At least four analysts raised their price targets and/or rating of the company Friday, including Ives, who bumped Splunk from "market perform" to "outperform," dramatically raising his price target from $48 to $61. Wedbush analyst Steven Koening raised his price target from $58 to $61 and maintained an "outperform" rating, calling Splunk an "attractive growth investment, given the company's growth trajectory, outperformance potential, product differentiation and market opportunity." Needham also raised its price target from $50 to $55 and have a "Buy" rating, while Barclays raised its price target from $52 to $61 with an "Overweight" rating.

SV150 market report: Apple drops as iPhone trade-in begins, Facebook steady

While Salesforce and Splunk soared, other stocks sank Friday, as President Barack Obama openly spoke of consideration for a 'limited and narrow' attack on Syria. All three major U.S. stock indexes declined Friday to close out August, the worst month for Wall Street in more than a year, though September could be scarier.

Silicon Valley tech stocks also declined, as some of the region's largest companies experienced declines. Apple dropped 0.9 percent to $487.22 while confirming the launch of an iPhone trade-in program that will allow customers to receive credit toward newer devices, further fueling expectations that Apple will announce new iPhone models next month. Google sank 1 percent to $846.90, its lowest closing price since early May; GigaOM reported after the markets closed that the Mountain View search giant had acquired Los Altos wearable-tech company WIMM Labs, possibly for help developing a smartwatch. eBay (EBAY) dropped 2 percent to close below $50 for the first time in 2013, at $49.99, while Gilead Sciences (GILD) dropped 1.1 percent to $60.27 and Cisco fell 0.6 percent to $23.31.

Facebook managed to avoid losses, gaining a penny to $41.29 as the Menlo Park social network confirmed a test of a Twitter-like "trending topics" offering. Competition between the two Silicon Valley social networks seems to be heating up, as Facebook lost a marketing executive to San Francisco-based Twitter; Twitter was not without its own losses, however, as general counsel Alexander Macgillivray departed. Tesla Motors (TSLA) gained 1.8 percent to close at $169, despite CEO Elon Musk admitting that "the valuation we've gotten is more than we have any right to deserve," and Oracle gained 0.5 percent to close at $31.86.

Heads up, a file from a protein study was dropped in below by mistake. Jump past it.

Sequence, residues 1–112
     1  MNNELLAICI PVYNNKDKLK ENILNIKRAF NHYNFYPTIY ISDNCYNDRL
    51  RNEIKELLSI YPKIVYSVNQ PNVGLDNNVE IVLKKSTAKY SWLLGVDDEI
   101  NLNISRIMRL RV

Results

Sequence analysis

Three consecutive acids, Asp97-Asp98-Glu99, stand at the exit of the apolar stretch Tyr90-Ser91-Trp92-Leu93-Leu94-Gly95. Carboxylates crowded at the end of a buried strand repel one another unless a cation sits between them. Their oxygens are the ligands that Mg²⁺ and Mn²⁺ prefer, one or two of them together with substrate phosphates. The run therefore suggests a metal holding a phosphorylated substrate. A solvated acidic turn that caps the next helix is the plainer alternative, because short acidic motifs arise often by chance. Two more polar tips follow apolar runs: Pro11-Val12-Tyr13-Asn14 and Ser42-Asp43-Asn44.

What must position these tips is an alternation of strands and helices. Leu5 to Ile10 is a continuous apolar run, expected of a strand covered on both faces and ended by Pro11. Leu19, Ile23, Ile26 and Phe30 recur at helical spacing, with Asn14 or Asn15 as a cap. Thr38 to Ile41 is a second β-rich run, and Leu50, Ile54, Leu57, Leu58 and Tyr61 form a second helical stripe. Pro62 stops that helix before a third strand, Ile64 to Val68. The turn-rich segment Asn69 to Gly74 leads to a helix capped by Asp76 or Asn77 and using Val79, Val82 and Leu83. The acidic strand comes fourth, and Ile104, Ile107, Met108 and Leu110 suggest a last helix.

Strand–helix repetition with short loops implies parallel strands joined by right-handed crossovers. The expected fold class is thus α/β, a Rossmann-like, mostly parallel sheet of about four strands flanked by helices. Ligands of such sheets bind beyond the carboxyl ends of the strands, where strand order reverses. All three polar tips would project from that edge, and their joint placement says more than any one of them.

Up: Splunk, Salesforce, Tesla, Palo Alto Networks, Oracle, Juniper

Down: SolarCity, Yelp, EA, AMD, Workday, Zynga, eBay, Symantec, SunPower (SPWRA), Netflix (NFLX), Gilead, Pandora, Google, Apple, Applied Materials, VMware, Hewlett-Packard (HPQ), Yahoo (YHOO), Cisco

The SV150 index of Silicon Valley's largest tech companies: Down 7.45, or 0.58 percent, to 1,282.56

The tech-heavy Nasdaq composite index: Down 30.43, or 0.84 percent, to 3,589.87

The blue chip Dow Jones industrial average: Down 30.64, or 0.21 percent, to 14,810.31

And the widely watched Standard & Poor's 500 index: Down 5.2, or 0.32 percent, to 1,632.97

Check in weekday afternoons for the 60-Second Business Break, a summary of news from Mercury News staff writers, The Associated Press, Bloomberg News and other wire services. Contact Jeremy C. Owens at 408-920-5876; follow him at Twitter.com/jowens510.